Mother Teresa was born on 27th August 1910. In her 18 years she wants to be a nun.
In 1928, the future Mother Teresa began her religious life in Ireland.
In 1929 she was sent to the Calcutta, when she began a career teaching history and geography, which she reportedly did with dedication and enjoyment for the next 15 years.
It was in the protected environment of this school for the daughters of the wealthy that Teresa's new "vocation" developed and grew.
Teresa was not alone for long. Within a year, she found more help than she anticipated. Many seemed to have been waiting for her example to open their own floodgates of charity and compassion. Young women came to volunteer their services and later became the core of her Missionaries of Charity.
Others offered food, clothing, the use of buildings, medical supplies and money. As support and assistance mushroomed, more and more services became possible to huge numbers of suffering people. Until her death in 1997, Mother Teresa continued her work among the poorest of the poor, depending on God for all of her needs.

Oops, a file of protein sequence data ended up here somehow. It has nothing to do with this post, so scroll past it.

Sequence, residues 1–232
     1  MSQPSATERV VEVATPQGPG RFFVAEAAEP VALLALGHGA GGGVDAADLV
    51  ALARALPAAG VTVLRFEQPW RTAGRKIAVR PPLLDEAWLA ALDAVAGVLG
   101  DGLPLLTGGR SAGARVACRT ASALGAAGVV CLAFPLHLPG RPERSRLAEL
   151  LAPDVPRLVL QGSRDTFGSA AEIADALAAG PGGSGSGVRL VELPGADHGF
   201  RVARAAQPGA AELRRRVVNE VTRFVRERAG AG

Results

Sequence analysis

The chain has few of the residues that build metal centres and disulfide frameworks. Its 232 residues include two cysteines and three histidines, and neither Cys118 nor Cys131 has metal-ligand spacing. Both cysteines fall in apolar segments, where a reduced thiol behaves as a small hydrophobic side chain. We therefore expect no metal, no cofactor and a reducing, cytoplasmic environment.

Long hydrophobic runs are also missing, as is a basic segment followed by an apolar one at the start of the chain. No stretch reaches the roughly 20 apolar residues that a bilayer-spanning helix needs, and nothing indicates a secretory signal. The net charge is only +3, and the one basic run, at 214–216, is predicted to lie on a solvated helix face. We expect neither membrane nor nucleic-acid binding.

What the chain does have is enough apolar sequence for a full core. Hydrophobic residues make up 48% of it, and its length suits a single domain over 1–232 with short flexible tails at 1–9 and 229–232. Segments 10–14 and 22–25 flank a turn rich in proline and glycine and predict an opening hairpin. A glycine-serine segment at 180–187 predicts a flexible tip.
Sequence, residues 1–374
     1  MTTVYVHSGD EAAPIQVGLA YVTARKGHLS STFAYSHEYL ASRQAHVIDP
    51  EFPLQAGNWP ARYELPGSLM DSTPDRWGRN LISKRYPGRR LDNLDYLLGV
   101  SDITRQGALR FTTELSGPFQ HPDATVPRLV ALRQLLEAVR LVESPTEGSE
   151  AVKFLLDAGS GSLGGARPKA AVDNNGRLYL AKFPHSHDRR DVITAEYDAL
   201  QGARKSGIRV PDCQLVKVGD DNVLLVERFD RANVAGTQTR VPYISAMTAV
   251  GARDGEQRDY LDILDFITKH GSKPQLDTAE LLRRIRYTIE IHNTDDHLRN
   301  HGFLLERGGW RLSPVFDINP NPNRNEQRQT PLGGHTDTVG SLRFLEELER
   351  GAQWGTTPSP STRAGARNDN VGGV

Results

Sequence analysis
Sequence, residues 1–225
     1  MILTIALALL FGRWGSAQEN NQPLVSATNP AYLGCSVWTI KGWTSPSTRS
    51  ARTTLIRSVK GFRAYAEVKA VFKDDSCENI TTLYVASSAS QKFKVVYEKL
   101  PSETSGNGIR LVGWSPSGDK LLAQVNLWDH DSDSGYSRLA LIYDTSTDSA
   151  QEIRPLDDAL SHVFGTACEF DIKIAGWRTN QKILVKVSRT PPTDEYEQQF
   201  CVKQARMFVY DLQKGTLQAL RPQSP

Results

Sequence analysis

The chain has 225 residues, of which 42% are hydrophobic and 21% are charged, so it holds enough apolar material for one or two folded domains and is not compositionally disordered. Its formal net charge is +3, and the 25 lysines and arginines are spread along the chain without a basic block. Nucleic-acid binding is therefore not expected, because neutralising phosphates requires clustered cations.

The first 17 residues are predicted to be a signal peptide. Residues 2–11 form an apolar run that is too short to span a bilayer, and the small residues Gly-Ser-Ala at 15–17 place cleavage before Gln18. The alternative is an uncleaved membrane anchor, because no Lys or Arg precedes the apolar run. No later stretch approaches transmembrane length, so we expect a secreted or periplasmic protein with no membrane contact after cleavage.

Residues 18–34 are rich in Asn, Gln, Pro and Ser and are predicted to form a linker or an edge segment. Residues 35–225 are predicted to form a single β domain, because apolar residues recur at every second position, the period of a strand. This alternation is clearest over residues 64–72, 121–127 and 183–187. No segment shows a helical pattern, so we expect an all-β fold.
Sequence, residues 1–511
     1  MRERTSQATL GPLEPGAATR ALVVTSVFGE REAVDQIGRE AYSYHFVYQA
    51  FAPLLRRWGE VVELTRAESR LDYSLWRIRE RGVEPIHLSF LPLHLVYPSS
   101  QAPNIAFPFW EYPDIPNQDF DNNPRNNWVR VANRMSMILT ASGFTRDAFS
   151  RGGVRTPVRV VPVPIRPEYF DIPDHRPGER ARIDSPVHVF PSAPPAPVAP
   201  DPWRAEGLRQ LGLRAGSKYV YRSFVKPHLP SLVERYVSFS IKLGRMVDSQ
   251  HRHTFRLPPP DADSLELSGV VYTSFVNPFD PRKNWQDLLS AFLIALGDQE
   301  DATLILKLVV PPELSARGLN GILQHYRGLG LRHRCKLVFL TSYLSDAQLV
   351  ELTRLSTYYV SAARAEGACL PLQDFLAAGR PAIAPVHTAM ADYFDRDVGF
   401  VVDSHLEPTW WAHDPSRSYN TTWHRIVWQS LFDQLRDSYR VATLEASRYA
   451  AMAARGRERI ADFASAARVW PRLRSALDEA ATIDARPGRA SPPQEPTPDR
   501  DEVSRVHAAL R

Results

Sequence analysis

Honors too numerous to mention had come her way throughout the years, as the world stood astounded by her care for those usually deemed of little value. In her own eyes she was "God's pencil—a tiny bit of pencil with which he writes what he likes."
Despite years of strenuous physical, emotional and spiritual work, Mother Teresa seemed unstoppable. Though frail and bent, with numerous ailments, she always returned to her work, to those who received her compassionate care for more than 50 years. Only months before her death, when she became too weak to manage the administrative work, she relinquished the position of head of her Missionaries of Charity.
She knew the work would go on. Finally, on September 5, 1997, after finishing her dinner and prayers, her weakened heart gave her back to the God who was the very center of her life.